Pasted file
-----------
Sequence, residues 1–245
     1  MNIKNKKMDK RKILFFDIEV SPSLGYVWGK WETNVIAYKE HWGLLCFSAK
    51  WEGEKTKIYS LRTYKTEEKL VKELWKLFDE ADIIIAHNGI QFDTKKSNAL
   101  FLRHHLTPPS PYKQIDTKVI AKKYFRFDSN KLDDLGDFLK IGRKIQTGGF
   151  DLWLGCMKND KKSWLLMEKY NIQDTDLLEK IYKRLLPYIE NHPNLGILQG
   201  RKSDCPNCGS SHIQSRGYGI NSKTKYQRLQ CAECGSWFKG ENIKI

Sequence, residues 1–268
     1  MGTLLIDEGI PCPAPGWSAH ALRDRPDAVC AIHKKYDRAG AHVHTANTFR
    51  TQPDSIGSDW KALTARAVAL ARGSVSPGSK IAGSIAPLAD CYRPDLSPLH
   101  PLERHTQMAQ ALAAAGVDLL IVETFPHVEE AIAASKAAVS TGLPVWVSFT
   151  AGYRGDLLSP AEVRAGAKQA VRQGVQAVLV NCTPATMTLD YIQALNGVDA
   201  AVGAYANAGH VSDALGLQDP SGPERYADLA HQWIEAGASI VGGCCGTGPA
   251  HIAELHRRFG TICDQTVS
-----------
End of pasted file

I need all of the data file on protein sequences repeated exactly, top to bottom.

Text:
Sequence, residues 1–245
     1  MNIKNKKMDK RKILFFDIEV SPSLGYVWGK WETNVIAYKE HWGLLCFSAK
    51  WEGEKTKIYS LRTYKTEEKL VKELWKLFDE ADIIIAHNGI QFDTKKSNAL
   101  FLRHHLTPPS PYKQIDTKVI AKKYFRFDSN KLDDLGDFLK IGRKIQTGGF
   151  DLWLGCMKND KKSWLLMEKY NIQDTDLLEK IYKRLLPYIE NHPNLGILQG
   201  RKSDCPNCGS SHIQSRGYGI NSKTKYQRLQ CAECGSWFKG ENIKI

Sequence, residues 1–268
     1  MGTLLIDEGI PCPAPGWSAH ALRDRPDAVC AIHKKYDRAG AHVHTANTFR
    51  TQPDSIGSDW KALTARAVAL ARGSVSPGSK IAGSIAPLAD CYRPDLSPLH
   101  PLERHTQMAQ ALAAAGVDLL IVETFPHVEE AIAASKAAVS TGLPVWVSFT
   151  AGYRGDLLSP AEVRAGAKQA VRQGVQAVLV NCTPATMTLD YIQALNGVDA
   201  AVGAYANAGH VSDALGLQDP SGPERYADLA HQWIEAGASI VGGCCGTGPA
   251  HIAELHRRFG TICDQTVS